Alright friends, the pattern drafting I am going to explain today is going to blow.your.mind. But in a good way. 😉
Let’s just say I am not a fan of the sewn-on buttonholeÂ placket. Ridge-y seam allowances are not your friend when you are trying to create perfect topstitching and lovely buttonholes. So, if you want to replace the sewn-on version with a cut-on version you are in the right place. Caution: math and pattern-drafting will be required if you proceed!
To start this whole process, you need to decide 2 things:
- how wide you want the finished frontÂ placket
- how far from the edge you want your topstitching to be (minimum of 1/8 inch)
I am going to use the following assumptions to show you how to convertÂ a shirt frontÂ with a sew-on front placket to a cut-on placket:
- My original pattern is the Grainline Studios Archer Button-Up shirt for women, which includes a 1 inch sew-on buttonhole placket
- MyÂ finished buttonhole placket willÂ be 1 1/4 inches wide
- MyÂ topstitching willÂ be 1/4 inch from each edge of the front placket
I made a quick little video that might help get your brain wrapped around this whole concept. (BTW – I used different starting assumptions in my video – just to show you that there is nothing magic about the above assumptions!)
Hopefully that helped you get a “visual” idea of where we are going with this drafting exercise.
Next, let’s talk about exactly how you would draft a new right front (for women) pattern piece, starting with the GrainlineÂ Studio’s Archer pattern,Â and creating a placket that is 1 1/4 inches wide with topstitching 1/4 inch from each placket edge.
1. Cut a piece of tracing paper that is a few inches longer than the Archer (right) front pattern piece.
2. As you face the tracing paper, draw a line an inch or so from the right edge of Â tracing paper, and the full length of the paper. This line is going to be the new “cutting line” for the front edge of the right shirt front.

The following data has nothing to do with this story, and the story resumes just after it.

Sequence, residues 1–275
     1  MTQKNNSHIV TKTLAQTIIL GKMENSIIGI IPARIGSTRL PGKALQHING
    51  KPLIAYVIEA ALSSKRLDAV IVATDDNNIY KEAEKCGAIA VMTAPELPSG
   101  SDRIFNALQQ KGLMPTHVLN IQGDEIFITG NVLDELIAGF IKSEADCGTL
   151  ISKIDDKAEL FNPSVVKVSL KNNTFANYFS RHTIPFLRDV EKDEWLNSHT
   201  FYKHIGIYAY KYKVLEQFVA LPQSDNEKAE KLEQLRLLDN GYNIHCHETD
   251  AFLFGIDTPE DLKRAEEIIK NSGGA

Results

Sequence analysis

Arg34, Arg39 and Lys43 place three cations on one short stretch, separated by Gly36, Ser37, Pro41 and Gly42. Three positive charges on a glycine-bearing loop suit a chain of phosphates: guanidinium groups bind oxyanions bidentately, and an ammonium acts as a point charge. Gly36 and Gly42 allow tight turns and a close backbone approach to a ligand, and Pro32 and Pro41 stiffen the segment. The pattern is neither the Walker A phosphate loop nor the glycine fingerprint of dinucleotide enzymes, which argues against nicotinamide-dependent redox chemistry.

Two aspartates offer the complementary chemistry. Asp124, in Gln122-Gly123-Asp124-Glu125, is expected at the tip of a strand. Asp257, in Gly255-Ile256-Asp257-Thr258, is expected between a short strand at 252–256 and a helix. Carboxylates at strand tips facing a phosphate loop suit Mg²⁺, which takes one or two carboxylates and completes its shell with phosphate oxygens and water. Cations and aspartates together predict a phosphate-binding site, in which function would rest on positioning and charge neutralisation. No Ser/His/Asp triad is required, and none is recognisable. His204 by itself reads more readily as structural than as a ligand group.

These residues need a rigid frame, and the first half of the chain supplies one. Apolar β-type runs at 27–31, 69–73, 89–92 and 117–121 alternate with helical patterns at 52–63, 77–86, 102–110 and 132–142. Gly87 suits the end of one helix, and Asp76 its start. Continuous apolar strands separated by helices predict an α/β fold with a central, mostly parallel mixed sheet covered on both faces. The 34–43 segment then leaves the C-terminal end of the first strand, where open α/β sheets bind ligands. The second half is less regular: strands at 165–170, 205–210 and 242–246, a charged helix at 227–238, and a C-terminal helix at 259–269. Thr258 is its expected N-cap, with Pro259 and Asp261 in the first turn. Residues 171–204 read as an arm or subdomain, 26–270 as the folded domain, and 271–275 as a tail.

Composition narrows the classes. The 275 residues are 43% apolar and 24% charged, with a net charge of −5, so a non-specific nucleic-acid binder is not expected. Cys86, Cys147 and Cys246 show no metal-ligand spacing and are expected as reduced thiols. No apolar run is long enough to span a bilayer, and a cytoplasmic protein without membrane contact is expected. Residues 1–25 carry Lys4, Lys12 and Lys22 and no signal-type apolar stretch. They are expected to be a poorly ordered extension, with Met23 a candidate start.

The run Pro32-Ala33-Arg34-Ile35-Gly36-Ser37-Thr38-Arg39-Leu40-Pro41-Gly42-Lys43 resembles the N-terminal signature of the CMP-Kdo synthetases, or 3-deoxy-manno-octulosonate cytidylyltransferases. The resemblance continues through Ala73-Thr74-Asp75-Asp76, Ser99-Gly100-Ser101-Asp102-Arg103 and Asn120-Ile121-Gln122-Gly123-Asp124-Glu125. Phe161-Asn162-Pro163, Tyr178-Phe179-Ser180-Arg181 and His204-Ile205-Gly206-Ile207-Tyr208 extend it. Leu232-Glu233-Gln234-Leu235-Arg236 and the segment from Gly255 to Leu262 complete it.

3. Draw a second line 1 1/4 inches away from the first line drawn. After construction, this is going to be the front (or outer) edge of the buttonhole placket.
4. Draw a thirdÂ line 1 1/4 inches away from the secondÂ line drawn. After construction, this is going to be the inner edge of the buttonhole placket.
5. In between the second and third line, draw a dashed line exactly in the middle, which is 5/8 inch from either line. Mark this dashed lineÂ Center Front. My CF line is blue, and hopefully you can see all my other lines are red. 🙂
6. Draw a fourth line 1/2 inch from the third line. Mark this area “pleat”.
7. Fold the paper on the third line that you marked “inner edge of front placket”.
8. Turn the paper over, and bring the third line to meet (line up with) the fourth line. Tape theÂ placket “pleat” down the full length temporarily with painter’s tape. This will hold the pleat in place so you can trace off the remainder of the shirt front pattern.
9. Align the CF (blue dashed line in my pix) of the tracing paper with the CF of the Archer pattern piece (the cutting line).Â
10. All the hard work is done! Now just trace around the correct Archer size you want, and cut it out. Don’t forget to draw the grainline and the pocket placements, as well as the notches. Take off the temporary painter’s tape holding your pleat down, press the pattern flat, and voila! Â You just drafted a cut-on placket for the Archer!
Sooo, now that you know how to adjust a pattern to create a cut-on buttonhole placket, why in the world would you ever use a sewn-on placket. In a word, friends. grainline. Also, different fabrics. The only time I use a sewn-on placket is when I want to vary the grainline (bias, cross grain, etc) to add some visual interest to the front of my shirt, or I want to use a contrast fabric.
Now you know both options, and some reasons why you might like both, and you get to be in control of which process is best. Ain’t sewing grand?